Award-winning historian Mary Beth Norton reexamines the Salem witch trials in this startlingly original, meticulously researched, and utterly riveting study. In 1692 the people of Massachusetts were living in fear, and not solely of satanic afflictions. Horrifyingly violent Indian attacks had all but emptied the northern frontier of settlers, and many traumatized refugees—including the main
Award-winning historian Mary Beth Norton reexamines the Salem witch trials in thisstartlingly original, meticulously researched, and utterly riveting study.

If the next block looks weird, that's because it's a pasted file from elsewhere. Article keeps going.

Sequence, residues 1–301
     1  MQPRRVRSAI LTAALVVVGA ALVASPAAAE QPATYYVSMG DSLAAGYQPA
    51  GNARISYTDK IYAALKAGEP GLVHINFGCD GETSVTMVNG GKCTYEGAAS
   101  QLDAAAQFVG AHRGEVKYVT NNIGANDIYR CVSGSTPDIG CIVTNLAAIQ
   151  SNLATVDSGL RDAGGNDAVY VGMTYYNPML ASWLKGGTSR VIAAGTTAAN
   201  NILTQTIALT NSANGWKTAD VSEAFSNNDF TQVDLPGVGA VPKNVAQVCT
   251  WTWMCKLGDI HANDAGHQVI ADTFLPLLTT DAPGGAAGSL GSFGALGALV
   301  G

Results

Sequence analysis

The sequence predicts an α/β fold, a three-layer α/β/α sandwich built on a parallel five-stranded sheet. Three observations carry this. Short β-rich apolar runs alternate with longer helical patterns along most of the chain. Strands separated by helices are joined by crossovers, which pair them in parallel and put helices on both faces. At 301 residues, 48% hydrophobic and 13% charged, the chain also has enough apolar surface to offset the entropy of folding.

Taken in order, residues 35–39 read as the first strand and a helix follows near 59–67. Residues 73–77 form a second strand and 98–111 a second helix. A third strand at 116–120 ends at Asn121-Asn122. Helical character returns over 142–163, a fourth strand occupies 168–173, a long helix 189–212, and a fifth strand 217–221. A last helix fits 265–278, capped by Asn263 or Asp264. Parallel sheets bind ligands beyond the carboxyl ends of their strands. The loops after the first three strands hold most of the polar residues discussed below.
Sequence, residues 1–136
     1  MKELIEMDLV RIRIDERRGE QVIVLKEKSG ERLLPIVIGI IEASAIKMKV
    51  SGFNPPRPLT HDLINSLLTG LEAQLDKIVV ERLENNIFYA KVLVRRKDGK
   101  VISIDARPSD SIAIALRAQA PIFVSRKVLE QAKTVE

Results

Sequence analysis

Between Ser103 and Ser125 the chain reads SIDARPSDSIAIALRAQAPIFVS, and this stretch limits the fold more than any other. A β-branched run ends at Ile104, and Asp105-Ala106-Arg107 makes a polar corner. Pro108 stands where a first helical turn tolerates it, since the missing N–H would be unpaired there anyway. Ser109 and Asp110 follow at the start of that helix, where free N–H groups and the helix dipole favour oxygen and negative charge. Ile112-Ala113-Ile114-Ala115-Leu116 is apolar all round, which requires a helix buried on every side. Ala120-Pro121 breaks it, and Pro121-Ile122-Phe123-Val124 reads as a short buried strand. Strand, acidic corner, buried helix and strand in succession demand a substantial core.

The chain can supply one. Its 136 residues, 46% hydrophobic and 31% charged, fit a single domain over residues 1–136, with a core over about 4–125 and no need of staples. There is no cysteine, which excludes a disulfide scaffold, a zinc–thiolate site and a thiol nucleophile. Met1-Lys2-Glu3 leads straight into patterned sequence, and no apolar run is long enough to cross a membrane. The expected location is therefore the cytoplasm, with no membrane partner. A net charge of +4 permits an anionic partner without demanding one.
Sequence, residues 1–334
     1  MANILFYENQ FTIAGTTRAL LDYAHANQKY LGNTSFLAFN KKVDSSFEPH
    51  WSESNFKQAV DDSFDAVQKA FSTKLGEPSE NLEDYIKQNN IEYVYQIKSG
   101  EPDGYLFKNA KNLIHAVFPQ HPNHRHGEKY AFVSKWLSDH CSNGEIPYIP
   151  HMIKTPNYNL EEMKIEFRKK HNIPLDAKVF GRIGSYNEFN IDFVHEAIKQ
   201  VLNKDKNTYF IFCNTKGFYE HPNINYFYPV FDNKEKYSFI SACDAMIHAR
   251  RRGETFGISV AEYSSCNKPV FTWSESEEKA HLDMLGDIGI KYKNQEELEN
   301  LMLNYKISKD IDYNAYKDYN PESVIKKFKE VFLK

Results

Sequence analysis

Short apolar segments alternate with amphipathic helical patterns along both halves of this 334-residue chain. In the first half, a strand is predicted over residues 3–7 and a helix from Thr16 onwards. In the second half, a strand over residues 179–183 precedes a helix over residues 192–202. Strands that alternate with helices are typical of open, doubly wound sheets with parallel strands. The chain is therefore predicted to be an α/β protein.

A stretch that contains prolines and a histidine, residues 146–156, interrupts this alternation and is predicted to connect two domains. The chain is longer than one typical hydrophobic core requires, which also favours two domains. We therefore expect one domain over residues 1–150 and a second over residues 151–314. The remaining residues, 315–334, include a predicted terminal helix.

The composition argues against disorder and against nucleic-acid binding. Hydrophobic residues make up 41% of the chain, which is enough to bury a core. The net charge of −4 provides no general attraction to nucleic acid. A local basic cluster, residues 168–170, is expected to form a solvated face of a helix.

In 1692 the people of Massachusetts were living in fear, and not solely of satanic afflictions. Horrifyingly violent Indian attacks had all but emptied the northern frontier of settlers, and many traumatized refugees—including the main accusers of witches—had fled to communities like Salem. Meanwhile the colony’s leaders, defensive about their own failure to protect the frontier, pondered how God’s people could be suffering at the hands of savages. Struck by the similarities between what the refugees had witnessed and what the witchcraft “victims” described, many were quick to see a vast conspiracy of the Devil (in league with the French and the Indians) threatening New England on all sides. By providing this essential context to the famous events, and by casting her net well beyond the borders of Salem itself, Norton sheds new light on one of the most perplexing and fascinating periods in our history.The story of the Salem witchcraft trials is well known, from both historical accounts and dramatic retellings, such as Arthur Miller’s play The Crucible. Cornell historian Mary Beth Norton now offers a significant reinterpretation of the events that (by her count) led to legal action against at least 144 people, 54 confessions of witchcraft, 19 hangings, and one “pressing to death … by heavy stones.” Norton’s contribution is to contextualize what happened. She studies not just Salem itself, but all of Essex County and northern New England, because so many of the people involved in the witchcraft crisis didn’t live in Salem proper. She also says these grim events must be understood in relation to King William’s War, which the early Americans called the Second Indian War. This frontier conflict and the religious interpretations thrust upon it created the conditions for what happened in Salem and the surrounding region, which, says Norton, would not have occurred in the war’s absence. As might be expected, her narrative does not proceed along traditional lines. It is driven more by the academic imperative to break scholarly ground than by the urge to tell a harrowing story. For readers interested in knowing what really happened at Salem, though, In the Devil’s Snare may be the best source. –John J. Miller
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